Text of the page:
As always with our pilots, we put in place a robust system of tracking and evaluation so we could really understand what worked and why. From this, we gained some valuable learnings, including:

  • The importance of trust, open communication, and taking a team-based approach to rota design – so that changes made by one team member weren’t at the expense of others
  • The need for managers to improve their self-discipline – in terms of ringfencing time off, letting go and delegating effectively
  • The value of being open-minded about flexible working patterns, rather than a one-size-fits-all approach – so they could be adapted to suit different individuals and teams

The pilot also busted the long-held myth that managers need to be on-site at all hours, and highlighted the fact that when managers step back, they create space for their junior colleagues to step up.

There was no negative impact on store performance or KPIs, and the feedback we received from the pilot participants speaks for itself; 96.5% of store managers were either ‘satisfied’ or ‘very satisfied’ with their work-life balance at the end of the pilot (up from 66.5% pre-pilot).

How the changes Wickes has piloted are changing lives

But perhaps the best way to demonstrate the impact of the pilot is to hear from the people involved.

Tanya says the change to her working pattern, has changed her life: “Now, I can go to the gym, I can do some crafting. I have always had Tuesdays off, as these tend to be hospital days. But having Fridays off is really making a difference in my life. The girls are in school. It is my day for me.”

And it has also helped her team: “I think it’s had a really positive impact on the team. It has helped everyone feel more accountable. I’ve had to strengthen some of my weaker areas; build in more planning and more structure. I’ve also had to delegate more and it has been great to see the team step up to the challenge and grow.”

And here’s Mark again, on how this different way of working has affected him personally:

“At first, I felt a lot of guilt and responsibility. But gradually I realised – it was just about setting a new norm. Getting the processes in place was not easy, but once you get there – it’s a different way to live and work. A better one. I’ve developed a new phrase: happy home life, happy work life. I am a happier me.”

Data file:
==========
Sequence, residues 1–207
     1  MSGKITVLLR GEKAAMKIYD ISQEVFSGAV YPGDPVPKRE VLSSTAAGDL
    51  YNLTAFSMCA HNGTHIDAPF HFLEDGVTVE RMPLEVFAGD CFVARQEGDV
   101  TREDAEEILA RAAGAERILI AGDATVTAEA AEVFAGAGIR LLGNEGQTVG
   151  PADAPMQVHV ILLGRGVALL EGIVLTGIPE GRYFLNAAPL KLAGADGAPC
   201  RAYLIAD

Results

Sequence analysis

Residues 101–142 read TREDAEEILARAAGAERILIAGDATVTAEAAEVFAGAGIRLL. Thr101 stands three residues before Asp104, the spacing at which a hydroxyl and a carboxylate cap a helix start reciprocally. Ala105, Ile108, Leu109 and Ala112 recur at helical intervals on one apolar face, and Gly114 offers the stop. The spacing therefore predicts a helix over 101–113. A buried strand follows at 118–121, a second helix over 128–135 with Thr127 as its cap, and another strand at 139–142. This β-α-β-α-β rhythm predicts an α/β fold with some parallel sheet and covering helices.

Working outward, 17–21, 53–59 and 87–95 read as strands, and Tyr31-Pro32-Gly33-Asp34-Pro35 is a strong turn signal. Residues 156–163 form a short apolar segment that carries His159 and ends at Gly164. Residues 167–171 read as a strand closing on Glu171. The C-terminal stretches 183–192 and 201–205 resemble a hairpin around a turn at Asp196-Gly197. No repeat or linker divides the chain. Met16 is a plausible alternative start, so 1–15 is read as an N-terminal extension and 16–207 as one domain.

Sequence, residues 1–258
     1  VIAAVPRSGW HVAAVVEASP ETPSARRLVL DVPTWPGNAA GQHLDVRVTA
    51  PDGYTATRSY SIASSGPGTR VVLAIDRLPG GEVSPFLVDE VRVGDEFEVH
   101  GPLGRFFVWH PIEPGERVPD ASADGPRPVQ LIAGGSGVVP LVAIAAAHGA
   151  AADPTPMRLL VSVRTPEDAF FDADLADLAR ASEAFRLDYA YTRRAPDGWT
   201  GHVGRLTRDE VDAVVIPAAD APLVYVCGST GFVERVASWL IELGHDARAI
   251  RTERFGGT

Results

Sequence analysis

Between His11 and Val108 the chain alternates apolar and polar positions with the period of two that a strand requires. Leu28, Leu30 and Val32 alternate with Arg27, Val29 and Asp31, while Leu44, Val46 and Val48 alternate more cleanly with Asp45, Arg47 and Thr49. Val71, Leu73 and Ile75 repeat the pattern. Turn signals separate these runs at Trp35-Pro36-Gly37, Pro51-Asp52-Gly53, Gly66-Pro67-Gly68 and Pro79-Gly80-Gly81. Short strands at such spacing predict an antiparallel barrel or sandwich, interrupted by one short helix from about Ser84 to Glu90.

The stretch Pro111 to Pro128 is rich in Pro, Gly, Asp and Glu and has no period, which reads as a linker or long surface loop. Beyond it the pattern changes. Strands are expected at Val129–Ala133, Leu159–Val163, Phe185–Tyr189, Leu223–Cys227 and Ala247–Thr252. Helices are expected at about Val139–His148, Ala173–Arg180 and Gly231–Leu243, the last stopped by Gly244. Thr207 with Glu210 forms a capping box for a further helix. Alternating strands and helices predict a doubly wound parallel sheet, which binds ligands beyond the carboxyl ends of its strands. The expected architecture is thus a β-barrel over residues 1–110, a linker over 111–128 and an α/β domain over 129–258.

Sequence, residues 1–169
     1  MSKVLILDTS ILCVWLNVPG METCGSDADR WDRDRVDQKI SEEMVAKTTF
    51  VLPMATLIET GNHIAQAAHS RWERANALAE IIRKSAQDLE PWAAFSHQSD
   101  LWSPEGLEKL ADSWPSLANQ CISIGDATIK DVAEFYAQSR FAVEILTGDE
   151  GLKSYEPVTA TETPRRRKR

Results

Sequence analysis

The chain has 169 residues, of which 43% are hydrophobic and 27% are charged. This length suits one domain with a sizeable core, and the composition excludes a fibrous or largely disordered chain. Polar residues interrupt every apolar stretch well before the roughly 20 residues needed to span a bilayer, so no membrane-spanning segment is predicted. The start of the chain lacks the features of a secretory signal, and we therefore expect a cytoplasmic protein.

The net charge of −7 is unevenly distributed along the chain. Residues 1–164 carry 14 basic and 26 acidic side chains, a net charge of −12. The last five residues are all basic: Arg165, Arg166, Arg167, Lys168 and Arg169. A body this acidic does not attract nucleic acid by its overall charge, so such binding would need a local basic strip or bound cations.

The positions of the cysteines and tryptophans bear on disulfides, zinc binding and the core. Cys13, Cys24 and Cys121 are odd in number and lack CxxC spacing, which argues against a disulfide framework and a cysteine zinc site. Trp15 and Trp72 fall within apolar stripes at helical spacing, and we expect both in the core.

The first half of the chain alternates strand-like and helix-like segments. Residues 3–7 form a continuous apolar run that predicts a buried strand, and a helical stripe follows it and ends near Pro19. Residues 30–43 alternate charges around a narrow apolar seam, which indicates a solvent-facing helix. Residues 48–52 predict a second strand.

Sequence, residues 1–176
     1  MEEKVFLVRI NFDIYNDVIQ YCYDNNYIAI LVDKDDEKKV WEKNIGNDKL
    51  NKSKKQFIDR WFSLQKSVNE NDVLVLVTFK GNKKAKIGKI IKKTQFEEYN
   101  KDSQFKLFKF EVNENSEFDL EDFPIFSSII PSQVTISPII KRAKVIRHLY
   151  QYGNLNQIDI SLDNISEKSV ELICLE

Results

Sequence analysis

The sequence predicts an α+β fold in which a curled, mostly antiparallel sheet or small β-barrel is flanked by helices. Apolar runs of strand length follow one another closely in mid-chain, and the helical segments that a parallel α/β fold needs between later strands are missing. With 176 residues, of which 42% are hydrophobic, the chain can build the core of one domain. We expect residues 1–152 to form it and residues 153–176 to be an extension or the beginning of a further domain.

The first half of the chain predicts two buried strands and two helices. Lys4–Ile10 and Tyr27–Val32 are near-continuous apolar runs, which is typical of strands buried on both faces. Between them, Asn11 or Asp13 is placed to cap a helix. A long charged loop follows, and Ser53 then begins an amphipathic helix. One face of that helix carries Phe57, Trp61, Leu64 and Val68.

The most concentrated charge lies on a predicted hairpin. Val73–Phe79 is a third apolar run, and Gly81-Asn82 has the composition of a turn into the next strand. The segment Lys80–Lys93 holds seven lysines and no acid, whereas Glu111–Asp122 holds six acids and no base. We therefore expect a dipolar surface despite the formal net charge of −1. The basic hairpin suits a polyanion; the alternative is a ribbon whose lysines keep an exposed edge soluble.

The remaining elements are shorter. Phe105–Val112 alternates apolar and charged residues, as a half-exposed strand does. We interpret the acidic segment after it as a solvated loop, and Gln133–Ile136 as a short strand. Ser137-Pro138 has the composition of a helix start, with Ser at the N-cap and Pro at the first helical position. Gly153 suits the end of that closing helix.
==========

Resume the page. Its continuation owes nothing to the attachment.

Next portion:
He’s also clear about the effect he believes it will have on the future of Wickes, and the retail industry as a whole:

“We have a WhatsApp group called Trailblazers – we all believe we are part of shaping the next generation. We feel part of something special. At the moment I am looking at ways to retain colleagues who are mothers, and possibly help them onto the management track. Make one small change and a thousand more will follow… people will stay and build their careers as their lives change. I don’t see any negatives whatsoever.”

“What’s the right thing to do?”

Unsurprisingly, given the pilot’s success, Wickes are now rolling it out across all stores to more roles, those of duty manager and operations manager. They’re doing so as part of our wider Flexible Working for All action research programme, supported by Impact on Urban Health, with Guys’ and St Thomas’ NHS Foundation Trust and Sir Robert McAlpine also taking part, which aims to show the impact of embedding good quality flexible working for all on both employees and organisations.

And as Louise Tait, Wickes’ Head of HR, OD and Talent noted when she appeared as a panellist at a Timewise webinar, there’s a hope within Wickes that the retail industry will have a mindset shift and start asking “What’s the right thing to do” when it comes to offering flexible working. With this kind of evidence of the power of flex to change companies’ cultures and people’s lives, why wouldn’t they?

Published January 2024